Washington State

Office of the Attorney General

Attorney General

Bob Ferguson

SPOKANE - Three members of a door-to-door vacuum sales ring that allegedly used high-pressure sales tactics on elderly consumers will be required to pay $30,000 in consumer restitution and $20,000 in attorney fees, Attorney General Christine Gregoire announced today.

In a consent decree filed in Spokane County Superior Court, the three -- Carol Weeks, Frederal Lopez and Alfred Lopez --

Audio clip of Attorney General Christine O. Gregoire
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also agreed to not do business in the state until the restitution and attorneys fees are paid.

According to the settlement, if the three fail to satisfactorily resolve a single complaint after resuming business, they can be permanently barred from door-to-door vacuum cleaner sales in Washington. To help monitor their performance, the three will regularly provide state attorneys with a list of consumers who purchase vacuum cleaners for three years after they resume business.

The settlement also calls for $50,000 in civil penalties, which are suspended on the condition that the remaining terms of the settlement are met.

According to the lawsuit filed last year, Weeks and Frederal Lopez were distributors who supplied numerous salespeople, including Alfred Lopez, with high-priced vacuum cleaners.
The three, along with four other salespeople, targeted consumers by scanning city directories for people with older-sounding names or cruising neighborhoods looking for homes that appeared to belong to elderly residents.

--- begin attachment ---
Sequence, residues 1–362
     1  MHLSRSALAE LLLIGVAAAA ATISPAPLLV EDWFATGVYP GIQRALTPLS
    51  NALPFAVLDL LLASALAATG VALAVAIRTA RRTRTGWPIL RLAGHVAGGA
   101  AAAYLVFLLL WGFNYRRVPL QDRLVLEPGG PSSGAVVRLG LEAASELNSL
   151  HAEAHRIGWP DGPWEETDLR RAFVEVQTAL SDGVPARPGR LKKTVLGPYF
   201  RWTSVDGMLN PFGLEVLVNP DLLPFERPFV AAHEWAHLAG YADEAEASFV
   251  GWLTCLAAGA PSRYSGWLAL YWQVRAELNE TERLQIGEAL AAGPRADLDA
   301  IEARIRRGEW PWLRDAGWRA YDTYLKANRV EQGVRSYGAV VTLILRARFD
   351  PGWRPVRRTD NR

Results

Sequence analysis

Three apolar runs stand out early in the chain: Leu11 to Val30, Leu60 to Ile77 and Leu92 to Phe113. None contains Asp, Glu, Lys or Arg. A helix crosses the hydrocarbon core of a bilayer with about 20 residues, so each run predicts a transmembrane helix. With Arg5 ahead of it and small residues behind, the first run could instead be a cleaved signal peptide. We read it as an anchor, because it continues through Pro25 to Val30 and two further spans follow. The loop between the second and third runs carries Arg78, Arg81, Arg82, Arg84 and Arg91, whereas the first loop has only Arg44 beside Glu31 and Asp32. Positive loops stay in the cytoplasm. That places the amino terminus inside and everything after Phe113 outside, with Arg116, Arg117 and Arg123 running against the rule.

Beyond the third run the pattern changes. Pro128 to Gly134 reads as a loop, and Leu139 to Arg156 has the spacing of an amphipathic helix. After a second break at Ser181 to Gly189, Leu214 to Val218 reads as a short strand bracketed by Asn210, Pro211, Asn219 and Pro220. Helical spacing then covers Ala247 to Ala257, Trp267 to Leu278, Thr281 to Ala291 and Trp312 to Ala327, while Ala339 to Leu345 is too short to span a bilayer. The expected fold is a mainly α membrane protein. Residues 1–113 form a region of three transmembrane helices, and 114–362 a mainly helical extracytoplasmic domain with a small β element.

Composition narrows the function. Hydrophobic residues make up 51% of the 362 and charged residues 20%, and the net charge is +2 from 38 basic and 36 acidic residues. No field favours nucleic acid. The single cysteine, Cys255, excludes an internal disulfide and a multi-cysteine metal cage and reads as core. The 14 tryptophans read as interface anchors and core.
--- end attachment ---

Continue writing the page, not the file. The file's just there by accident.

Consumers were either called as part of an "appliance survey" or were confronted at their door by salesmen who told them they were eligible to enter a drawing, often for a supermarket shopping spree.

Weeks later, consumers were told they hadn't won the grand prize after all. Instead, they'd won a free "carpet cleaning." To get the prize, they had to agree to an in-home demonstration, the complaint alleged.

During the demonstrations, salesmen sometimes refused to leave homes when asked, argued with consumers who were reluctant to buy, searched for valuable items that could be used in trade if the consumers said they couldn't afford the vacuum, or "double teamed" consumers by using two salespeople to complete a sale.

In many cases, consumers purchased vacuum cleaners in order to get the salesman to leave. Many were not told they had a three-day right to cancel the sale or were misled as to when those cancellation rights expired.

"This case involved some of the most disturbing predatory sales tactics my office has ever seen," Gregoire said. "This vacuum cleaner sales ring targeted vulnerable seniors and utilized tactics that can only be described as ruthless, relentless and remorseless."
Although the number of consumers eligible for restitution is unknown, attorneys estimate that about 57 people lost money. The amount that each consumer might receive could range between $500 and $800.

Three other defendants never responded to the Attorney General's lawsuit and have been ordered to pay restitution and attorneys fees. The fourth - whose involvement in the scheme was minimal - was dismissed from the lawsuit.